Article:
Rebuilding Mint’s UI From the Ground Up Using CardParts (iOS)

It’s impossible! Too ambitious! Overhauling the user interface of Mint — a multi-feature iOS application that has not changed significantly since it’s launch in 2008 — seems like a daunting endeavor. How was our development team able to accomplish this redesign? Easy. We used a UI framework we built called CardParts.

What is CardParts?

CardParts is a reactive, card-based UI framework built on top of Apple’s UIKit framework. CardParts brings the MVVM (Model-View-ViewModel) design paradigm to life and allows developers to focus on building a functional and interactive UI rather than reinventing the wheel every time they need to build a new UI.

“…great use of POP to separate out display traits, and 💯 for view controller containment.” — Paul Hudson, Hacking with Swift

The primary intent of CardParts is to provide a UI architecture that is easy to build with and even easier to test. Developers can apply protocol-driven traits to their cards and leverage the MVVM design paradigm to shift complex logic away from view controllers and into view models. Creating this view controller containment allows for the view model logic to be tested easily and separately from view controllers.

What Did We Do?

Now that we had a UI framework that could allow our engineering team to move fast we set out to revamp the Mint user experience. We settled on a design that focused on surfacing cards to users that will help them gain more insight into their personal finances. Of course we call these insight cards MintSights.

To achieve this goal of revamping the customer experience we leveraged everything that CardParts has to offer. We employed a MVVM architecture, and utilized custom traits to fully customize the user experience and provide a wide variety of features in MintSights. Let’s walk through our process for the MintSight card.

The MintSight card is a colorful and uniform card that grabs the user’s attention. Each card contains similar design elements — an icon, title, and description. We were able to create a generic view controller and view model to support this functionality and create a reactive UI. The following are examples of the view controller and view model code:

class OverviewMintsightCardPartController: CardPartsViewController, MintsightTypeProtocol, NoTopBottomMarginsCardTrait {

	override func viewDidLoad() {

		var cardParts: [CardPartView] = []

		let title = CardPartTextView(type: .title)
		viewModel.title.asObservable().bind(to: title.rx.text).disposed(by: bag) // This is where we are binding to the viewModel
		title.textColor = brightFontColor
		title.font = UIFont.mintGenericFontBlack(.large22)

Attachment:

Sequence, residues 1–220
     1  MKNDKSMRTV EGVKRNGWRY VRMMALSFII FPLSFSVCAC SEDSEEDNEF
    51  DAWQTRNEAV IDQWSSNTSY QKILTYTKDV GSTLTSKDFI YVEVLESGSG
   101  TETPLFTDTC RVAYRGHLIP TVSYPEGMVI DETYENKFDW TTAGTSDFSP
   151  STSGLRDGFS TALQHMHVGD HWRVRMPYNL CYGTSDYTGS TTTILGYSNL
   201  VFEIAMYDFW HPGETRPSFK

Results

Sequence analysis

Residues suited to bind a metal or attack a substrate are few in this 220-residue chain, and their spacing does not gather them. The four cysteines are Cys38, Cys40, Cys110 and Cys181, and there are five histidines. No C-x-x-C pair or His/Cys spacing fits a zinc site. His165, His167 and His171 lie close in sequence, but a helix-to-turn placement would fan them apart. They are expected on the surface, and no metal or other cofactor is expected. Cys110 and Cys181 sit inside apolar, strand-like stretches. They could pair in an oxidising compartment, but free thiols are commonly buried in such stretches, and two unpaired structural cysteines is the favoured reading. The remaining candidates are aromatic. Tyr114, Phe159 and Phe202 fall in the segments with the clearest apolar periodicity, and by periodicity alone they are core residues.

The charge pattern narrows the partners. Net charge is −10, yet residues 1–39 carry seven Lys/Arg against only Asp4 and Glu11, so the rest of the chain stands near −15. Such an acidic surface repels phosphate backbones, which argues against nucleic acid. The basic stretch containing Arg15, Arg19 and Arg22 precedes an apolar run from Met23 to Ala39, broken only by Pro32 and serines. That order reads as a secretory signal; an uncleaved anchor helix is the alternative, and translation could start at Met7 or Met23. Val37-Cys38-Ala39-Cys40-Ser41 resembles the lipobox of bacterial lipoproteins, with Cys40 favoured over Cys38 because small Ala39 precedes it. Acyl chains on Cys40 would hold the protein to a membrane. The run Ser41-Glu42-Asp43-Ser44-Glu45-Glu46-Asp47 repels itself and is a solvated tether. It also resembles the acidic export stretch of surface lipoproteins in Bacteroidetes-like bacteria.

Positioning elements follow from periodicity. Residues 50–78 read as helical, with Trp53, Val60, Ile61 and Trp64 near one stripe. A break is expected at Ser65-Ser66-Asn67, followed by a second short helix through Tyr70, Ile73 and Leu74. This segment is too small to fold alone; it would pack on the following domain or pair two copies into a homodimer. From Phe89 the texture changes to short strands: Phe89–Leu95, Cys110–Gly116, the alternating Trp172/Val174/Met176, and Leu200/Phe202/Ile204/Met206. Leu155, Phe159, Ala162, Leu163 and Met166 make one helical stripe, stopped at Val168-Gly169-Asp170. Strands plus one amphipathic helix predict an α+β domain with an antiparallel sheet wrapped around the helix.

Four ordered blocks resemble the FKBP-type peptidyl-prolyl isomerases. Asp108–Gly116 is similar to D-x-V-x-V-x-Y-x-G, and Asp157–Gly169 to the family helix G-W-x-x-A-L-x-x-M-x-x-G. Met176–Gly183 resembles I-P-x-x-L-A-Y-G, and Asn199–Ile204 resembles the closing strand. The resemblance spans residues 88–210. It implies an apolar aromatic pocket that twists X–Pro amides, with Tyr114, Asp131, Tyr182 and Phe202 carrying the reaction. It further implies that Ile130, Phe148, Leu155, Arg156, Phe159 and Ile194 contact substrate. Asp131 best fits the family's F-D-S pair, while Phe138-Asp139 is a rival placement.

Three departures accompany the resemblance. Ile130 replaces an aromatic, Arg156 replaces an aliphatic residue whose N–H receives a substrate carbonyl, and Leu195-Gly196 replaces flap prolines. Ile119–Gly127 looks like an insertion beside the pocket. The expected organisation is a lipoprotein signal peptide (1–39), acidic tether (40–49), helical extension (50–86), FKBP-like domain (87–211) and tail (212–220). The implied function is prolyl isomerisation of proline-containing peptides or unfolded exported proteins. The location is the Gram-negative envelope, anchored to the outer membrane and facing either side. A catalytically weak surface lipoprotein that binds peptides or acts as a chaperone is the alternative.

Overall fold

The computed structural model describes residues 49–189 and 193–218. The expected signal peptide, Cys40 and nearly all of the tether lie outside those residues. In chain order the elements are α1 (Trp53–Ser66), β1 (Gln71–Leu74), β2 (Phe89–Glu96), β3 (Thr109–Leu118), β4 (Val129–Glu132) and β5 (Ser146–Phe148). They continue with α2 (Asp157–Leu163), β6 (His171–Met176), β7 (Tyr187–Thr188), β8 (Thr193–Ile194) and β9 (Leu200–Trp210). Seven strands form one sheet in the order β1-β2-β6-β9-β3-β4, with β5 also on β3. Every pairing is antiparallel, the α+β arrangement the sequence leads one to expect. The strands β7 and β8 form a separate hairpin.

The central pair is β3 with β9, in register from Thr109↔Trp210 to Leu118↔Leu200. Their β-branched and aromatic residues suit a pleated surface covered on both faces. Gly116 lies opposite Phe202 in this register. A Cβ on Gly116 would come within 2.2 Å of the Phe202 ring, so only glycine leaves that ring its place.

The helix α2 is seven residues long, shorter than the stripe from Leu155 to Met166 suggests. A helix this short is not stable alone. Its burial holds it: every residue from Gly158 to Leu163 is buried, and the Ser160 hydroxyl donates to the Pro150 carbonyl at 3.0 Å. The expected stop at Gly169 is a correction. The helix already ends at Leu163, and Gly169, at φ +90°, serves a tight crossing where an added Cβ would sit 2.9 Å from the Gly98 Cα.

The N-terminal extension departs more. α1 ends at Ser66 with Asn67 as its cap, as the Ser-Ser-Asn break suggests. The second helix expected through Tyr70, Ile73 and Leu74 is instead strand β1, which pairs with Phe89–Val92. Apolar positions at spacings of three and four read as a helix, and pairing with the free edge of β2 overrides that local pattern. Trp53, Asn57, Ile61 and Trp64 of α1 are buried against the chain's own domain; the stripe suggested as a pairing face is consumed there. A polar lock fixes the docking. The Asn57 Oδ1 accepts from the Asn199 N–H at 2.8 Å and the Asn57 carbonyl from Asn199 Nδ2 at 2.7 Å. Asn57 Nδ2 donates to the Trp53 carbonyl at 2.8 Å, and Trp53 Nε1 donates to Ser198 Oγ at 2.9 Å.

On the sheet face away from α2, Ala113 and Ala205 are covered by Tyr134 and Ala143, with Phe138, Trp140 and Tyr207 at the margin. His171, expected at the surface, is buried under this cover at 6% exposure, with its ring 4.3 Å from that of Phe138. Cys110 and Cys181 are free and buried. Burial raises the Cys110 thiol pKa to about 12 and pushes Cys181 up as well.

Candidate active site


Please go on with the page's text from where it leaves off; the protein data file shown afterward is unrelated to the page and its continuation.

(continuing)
title.textAlignment = .center

		let description = CardPartTextView(type: .detail)
		viewModel.description.asObservable().bind(to: description.rx.text).disposed(by: bag) // This is where we are binding to the viewModel
		description.textColor = brightFontColor
		description.font = UIFont.mintGenericFontSemibold(.normal)
		description.textAlignment = .center

		// ... and so on

		setupCardParts(cardParts, forState: .hasData)
class OverviewMintsightViewModel {

  var type = Variable<MintsightType>(.unknown)
  var thumbnailImage: Variable<UIImage?> = Variable(nil)
  var title = Variable<String>("")
  var description = Variable<String>("")
  var state:Variable<CardState> = Variable<CardState>(.hasData)

  init() { ... }

CardParts utilizes the power of RxSwift to create reactive UIs — binding data from our view models to view controllers. This allows for any changes in the view model data to be reflected immediately in the UI! All that is left is to setup a listener that enabled changes in the internal Realm persistence database to be reflected in the UI. Here is an example of how we accomplished that:

realmNotification = MMProvidersRealm.allProviders().addNotificationBlock({[weak self] (results, change, error) in

	guard let this = self, let providers = results as? [MMProvidersRealm], error == nil else { return }

	// Apply some logic on providers

	this.title.value = computedTitle
	this.description.value = computedDescription
	this.state.value = .hasData

And it was as easy as that! Leveraging CardParts enabled us to create a minimum viable product in just a few days. We were able to spend more time adding complex feature that would provide users with insight into their personal finances.

What we learned

With CardParts we are easily and quickly able to stub out our card-based designs and keep our UI layer up-to-date with every change that came back from the server. The architectural flow went roughly as follows:

  1. Network Response
  2. Persist in Realm
  3. viewModel notified via Realm notification block
  4. Apply logic on cached data returned from notification block
  5. Change reactive variables in viewModel
  6. UI updates due to be being bound to aforementioned reactive variables

Our ViewController practically consists only of UI setup such as fonts, colors, margins, etc. while our viewModels do all the heavy lifting of data manipulation — thus we can easily test these viewModels and ensure they are acting as desired.

Final Thoughts

CardParts has enabled us to move faster than ever before. A feature that might have taken weeks in the past now only takes a few days. We can focus on building algorithms and complex logic to provide the best user experience possible rather than building boilerplate code for every custom UI in the application.

We just recently open-sourced CardParts to allow everyone to leverage its benefits. Visit our GitHub page and help us make CardParts one of the most powerful card-based UI frameworks out there! We hope that CardParts can also help you rebuild your application’s UI in just three weeks!

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